Tracers need to pay attention when exchanges are used to sell cryptocurrency.  In some cases the value of 1Ru could be a combination of multiple remainders and could appear to be a transfer larger than the original account balance, for example, 10 BTC.  This could lead the tracer to believe that an error occurred, or the Seller had hidden funds.  This 10 BTC scenario would occur when a second buyer puts in a buy order for 10 BTC, but no seller has 10 BTC to sell.  The exchange then combines multiple remainder addresses to fill the order.  Seller, unknowingly becomes part of this, and while Seller put 1.0 BTC up for sale, 0.25 BTC of that was combined with numerous other sell orders into one large 10 BTC sale order to the second buyer. Luckily for a tracer, if this were to occur, it would be clear that Seller sold both the entire share of 0.75 BTC from the 1uS public address, and the remaining 0.25 BTC (part of the large combination 1Ru public address).  When no combination (i.e. combining multiple remainders to 10 BTC) occurs, the owner of the 0.25 Bitcoin in 1Ru is unknown. It could have been a second buyer who only wanted to purchase 0.25 BTC, or it could be Seller’s remainder address. To discover the holder of the 1Ru public address, Seller would need to subpoena the exchange.  If no exchange was used, or the exchange is outside the reach of a subpoena (many are), the owner of 1Ru is truly anonymous.  The best hope a tracer would have would be access exchange balance and transaction statements, but these may be impossible to obtain.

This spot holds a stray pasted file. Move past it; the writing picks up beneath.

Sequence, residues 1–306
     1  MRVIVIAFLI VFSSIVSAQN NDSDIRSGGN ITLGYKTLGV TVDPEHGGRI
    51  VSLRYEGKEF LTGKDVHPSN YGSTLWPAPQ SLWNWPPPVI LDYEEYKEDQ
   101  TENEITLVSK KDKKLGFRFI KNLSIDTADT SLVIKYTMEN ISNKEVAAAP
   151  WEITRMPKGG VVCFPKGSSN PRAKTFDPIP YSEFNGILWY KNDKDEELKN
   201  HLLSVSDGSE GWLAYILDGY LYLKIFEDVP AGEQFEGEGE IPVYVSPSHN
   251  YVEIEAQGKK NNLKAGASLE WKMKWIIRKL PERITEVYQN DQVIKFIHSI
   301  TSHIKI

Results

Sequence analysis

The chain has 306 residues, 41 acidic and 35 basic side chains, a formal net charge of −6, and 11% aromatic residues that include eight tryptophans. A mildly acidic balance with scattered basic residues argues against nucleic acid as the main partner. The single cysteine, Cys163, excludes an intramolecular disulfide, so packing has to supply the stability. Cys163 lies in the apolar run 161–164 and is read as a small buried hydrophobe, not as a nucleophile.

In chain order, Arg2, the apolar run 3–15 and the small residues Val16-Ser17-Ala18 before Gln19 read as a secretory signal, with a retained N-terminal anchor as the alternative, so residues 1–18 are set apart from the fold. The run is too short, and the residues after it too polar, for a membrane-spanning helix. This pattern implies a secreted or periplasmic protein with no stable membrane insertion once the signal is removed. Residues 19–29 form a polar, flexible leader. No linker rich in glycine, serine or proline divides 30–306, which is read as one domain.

Exchanges are not the only time remainder addresses pose problems, and are not the only mechanism to sell cryptocurrency.  Part three of this series will address cash-escrow services and privates sales, both of which compound the problems created for tracers by remainder addresses.